Nelson takes us on a journey, showed through archival footage (from both “official” sources and from the Panthers themselves), demonstrating the rapid growth and influence of the Black Panther Party between the late 1960s and 1970s. With such a meteoric rise in cultural and political capital, Black Panther chapters began to crop up across the United States. And in addition to the importance placed on wielding firearms, Black Panthers also interrogates the development of the children’s food programs, and to a lesser extent, their well-known medical clinics, which provided free medical services to members of the communities in which they operated.
This emergent political and cultural impetus, much of which occurred while Huey Newton was incarcerated for allegedly killing a cop, lead to two things, according to Nelson. Firstly, the development of a cult of personality around Huey Newton, and secondly, a large, untested, untrained, and inevitably politically diffused cadre. Black Panthers sets these issues as a framework through which one can comprehend the dissolution of the organization due to internal tensions. However, prior to delving into the deformation of the Black Panther Party, Nelson’s documentary examines the development of various elements of the party.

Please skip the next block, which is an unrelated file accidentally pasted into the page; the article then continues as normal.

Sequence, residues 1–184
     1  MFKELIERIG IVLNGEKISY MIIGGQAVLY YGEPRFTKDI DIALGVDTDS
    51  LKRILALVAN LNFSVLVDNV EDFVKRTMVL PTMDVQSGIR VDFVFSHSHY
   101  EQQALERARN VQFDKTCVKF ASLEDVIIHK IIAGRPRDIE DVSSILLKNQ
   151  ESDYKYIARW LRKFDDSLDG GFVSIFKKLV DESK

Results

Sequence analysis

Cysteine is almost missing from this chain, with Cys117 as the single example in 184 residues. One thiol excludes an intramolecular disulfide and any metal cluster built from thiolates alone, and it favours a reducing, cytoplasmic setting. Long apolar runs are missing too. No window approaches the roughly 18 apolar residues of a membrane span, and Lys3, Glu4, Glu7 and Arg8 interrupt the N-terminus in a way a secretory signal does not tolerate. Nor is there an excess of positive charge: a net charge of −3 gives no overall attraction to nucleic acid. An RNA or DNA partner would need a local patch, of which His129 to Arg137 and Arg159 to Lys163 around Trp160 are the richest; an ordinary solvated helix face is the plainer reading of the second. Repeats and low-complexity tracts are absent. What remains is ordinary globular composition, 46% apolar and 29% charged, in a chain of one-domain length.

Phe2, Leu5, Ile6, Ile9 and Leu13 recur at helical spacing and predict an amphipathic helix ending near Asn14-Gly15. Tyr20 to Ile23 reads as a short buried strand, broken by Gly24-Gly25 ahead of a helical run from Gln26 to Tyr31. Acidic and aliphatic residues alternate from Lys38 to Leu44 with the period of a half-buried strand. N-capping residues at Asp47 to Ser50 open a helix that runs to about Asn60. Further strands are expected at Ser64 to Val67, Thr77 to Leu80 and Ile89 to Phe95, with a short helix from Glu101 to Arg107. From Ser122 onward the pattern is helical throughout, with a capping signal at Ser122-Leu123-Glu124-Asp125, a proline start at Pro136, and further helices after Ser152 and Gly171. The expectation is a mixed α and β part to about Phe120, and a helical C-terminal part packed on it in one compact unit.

The creation of its international wing, led by Eldridge and Kathleen Cleaver (after they fled to Algeria in the aftermath of an abortive attempt at armed engagement with the police, which left a young Black Panther, Bobby Hutton, shot dead in the street – at the time unarmed and with his hands raised above his head) was presented as a major facet of the Black Panthers’ political development. Similarly featured was the growth of the Chicago chapter of the Black Panthers, led by the charismatic Fred Hampton. We see images of Hampton and members of his Black Panthers chapter meeting with White “rednecks” and workers in an effort to combat police oppression and social subjugation.
It is from this point in Nelson’s Black Panthers that we begin to see how the rampant external assault on the organization, in conjunction with deep political and social frictions internally, consigned the Panthers to dissolution. The external assault came in the form of the FBI’s COINTELPRO operations, a disproportionate amount of which was directed at the Black Panthers. The most notorious operation was the joint FBI-Chicago PD raid on a Black Panthers headquarters where they summarily executed Fred Hampton and others in a predawn raid. In addition to COINTELPRO at the federal level, the city of Los Angeles developed SWAT teams due to the prevalence and increasing social-political power wielded by the Panthers. These developments along with internal frictions lead to the ultimate demise of the organization. It is at this point that the film obfuscates and elides quite a few issues to help us understand how and why the Panthers dissolved in such spectacular fashion.